Remote brat

I think it fair to say I’ll not be mentioning the cricket in this post…apart from that bit.

Today the three of us went to visit Claire. This afternoon for all three, actually. Bob had already been in the morning. Mirinda spent the morning studying while I watched something unmentionable. We then went shopping.

I am SO in love with the Glenorie Woolworths. It is massive and, because both times we’ve been, they’ve been very few customers, each of us gets three staff members to wait on us. It is simply perfect.

We also had lunch at the cafe once again. Today I rediscovered the delicious joys of the vanilla slice. It’s amazing that I’ve never seen one in Europe. I wouldn’t have thought they were Australian by birth but who knows? Maybe they are like the humble lamington and Aussie through and through. Which reminds me. I must have a lamington before I go back.

Anyway, after lunch we went back to the house where Mirinda needed a rest (she is still a bit blocked up with her cold) and I suffered through a bit more…you know…until it was time to leave for the hospital.

When there’s three visitors, it’s a bit of a tag team effort as only two are allowed in at once. Entering the ICU is like entering a secret facility beneath the White House. There’s a little waiting room and a big steel door. You buzz and, if she likes the cut of your jib, a nurse will let you in.

When you go ‘tag team’, one member stays in the waiting room and is relieved in half an hour and round it goes. It works well.

During my half hour in the waiting room, the small TV was showing Deal or No Deal. I have to say, it’s very different to the UK version. While I don’t watch it now, I remember when it first started and I was working at Telewest. Terry used to love it so we all suffered through his viewing habits.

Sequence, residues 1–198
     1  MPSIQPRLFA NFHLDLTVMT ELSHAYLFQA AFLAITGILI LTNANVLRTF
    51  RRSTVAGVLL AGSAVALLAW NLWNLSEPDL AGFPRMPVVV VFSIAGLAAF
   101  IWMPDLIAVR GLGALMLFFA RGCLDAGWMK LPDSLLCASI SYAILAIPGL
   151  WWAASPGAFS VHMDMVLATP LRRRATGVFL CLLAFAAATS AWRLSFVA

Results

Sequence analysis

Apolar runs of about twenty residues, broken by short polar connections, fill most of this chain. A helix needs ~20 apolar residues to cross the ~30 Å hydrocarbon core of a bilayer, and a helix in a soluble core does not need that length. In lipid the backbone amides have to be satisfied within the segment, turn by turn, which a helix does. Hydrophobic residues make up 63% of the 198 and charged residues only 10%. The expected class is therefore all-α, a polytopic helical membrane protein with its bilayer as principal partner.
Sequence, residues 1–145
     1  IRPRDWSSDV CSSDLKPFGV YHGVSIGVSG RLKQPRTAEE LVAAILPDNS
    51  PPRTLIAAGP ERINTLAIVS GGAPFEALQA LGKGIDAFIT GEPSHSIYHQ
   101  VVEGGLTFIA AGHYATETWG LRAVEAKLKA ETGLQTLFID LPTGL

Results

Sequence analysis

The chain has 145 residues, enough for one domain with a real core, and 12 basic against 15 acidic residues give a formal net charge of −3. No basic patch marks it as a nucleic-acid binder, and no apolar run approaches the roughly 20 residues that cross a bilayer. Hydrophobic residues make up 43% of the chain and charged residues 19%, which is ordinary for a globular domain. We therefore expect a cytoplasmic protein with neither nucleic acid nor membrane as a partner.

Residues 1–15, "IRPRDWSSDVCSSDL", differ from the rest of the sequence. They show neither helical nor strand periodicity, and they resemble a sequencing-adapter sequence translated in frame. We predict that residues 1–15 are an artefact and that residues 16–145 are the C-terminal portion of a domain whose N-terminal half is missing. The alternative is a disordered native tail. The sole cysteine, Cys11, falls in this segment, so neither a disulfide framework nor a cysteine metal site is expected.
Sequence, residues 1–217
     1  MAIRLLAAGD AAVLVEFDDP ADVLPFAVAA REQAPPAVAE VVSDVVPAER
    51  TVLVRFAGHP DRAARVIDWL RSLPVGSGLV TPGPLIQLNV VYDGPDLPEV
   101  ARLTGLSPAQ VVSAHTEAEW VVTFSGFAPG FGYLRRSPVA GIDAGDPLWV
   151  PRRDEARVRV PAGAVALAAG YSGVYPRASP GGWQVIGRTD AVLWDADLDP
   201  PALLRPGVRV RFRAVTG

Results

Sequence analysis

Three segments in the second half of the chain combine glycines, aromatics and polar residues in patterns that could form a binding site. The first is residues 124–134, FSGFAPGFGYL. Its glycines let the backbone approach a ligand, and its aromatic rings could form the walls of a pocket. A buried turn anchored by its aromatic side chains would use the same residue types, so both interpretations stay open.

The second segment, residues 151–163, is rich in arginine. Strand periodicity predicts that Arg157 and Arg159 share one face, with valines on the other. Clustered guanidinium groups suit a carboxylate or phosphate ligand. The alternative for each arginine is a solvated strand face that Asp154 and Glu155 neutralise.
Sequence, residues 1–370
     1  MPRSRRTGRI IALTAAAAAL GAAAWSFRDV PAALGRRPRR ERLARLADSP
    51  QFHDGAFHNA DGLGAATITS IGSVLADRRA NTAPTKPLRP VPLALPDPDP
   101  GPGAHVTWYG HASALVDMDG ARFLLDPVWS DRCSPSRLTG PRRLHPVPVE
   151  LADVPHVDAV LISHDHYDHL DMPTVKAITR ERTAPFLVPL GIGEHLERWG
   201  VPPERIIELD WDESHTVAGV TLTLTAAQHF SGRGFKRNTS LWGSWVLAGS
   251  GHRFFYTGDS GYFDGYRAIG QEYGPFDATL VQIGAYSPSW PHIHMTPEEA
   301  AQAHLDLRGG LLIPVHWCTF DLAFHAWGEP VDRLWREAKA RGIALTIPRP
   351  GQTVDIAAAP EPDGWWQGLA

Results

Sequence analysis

Anyone who’s watched it knows the entire premise is to build the tension up until the final moment of reveal. These sort of shows do this very well. To the extent that I was half watching it as an excitable woman with ballet pose feet nominated boxes.

I was actually reading about Alexander the Great but would keep glancing up as her boxes were opened. A couple sitting directly in front of the TV were engrossed, they’re heads together during the chatty bits, comparing notes on what the woman should do next.

In walked a family consisting of two little children (a boy about 5, a girl about 7) and a harassed woman. The kids were very noisy. Of course, they all had to stand directly in front of me and gabble away about something clearly not for my ears.

On the small TV, the woman had a 25% chance of getting $100,000. She had four boxes left and there were two very small amounts and two big ones. You could say it was a bit exciting. She chose a box, the camera went to the box as the person holding it guessed what was in it and…the channel was changed by the 5 year old boy.

He had somehow found the remote control and was waving it at the TV and dancing maniacally with his sister. Had he been near me, I think I would have clouted him one. As it was I turned to him and his (I assume) mother and glared at them.

The old couple in the front suddenly went all confused, wondering why the TV was saying different things now. The mother just looked back at me as if to say that the 5 year old boy owned the TV and could do whatever the hell he wanted. I was about to give him a damn good thrashing when Bob appeared at the big steel door and I went back to see Claire before we left for home.

Unbelievable. Here’s some Dural trees for a bit of calm reassurance.

Soft and green

This entry was posted in Australia 2010, Gary's Posts and tagged , , , . Bookmark the permalink.

1 Response to Remote brat

  1. Mum Cook says:

    The children of today are !!!!!!!! good job I was not there and your father would have been so mad, as that is one of his favourite programs. Give everyone my love. love mum

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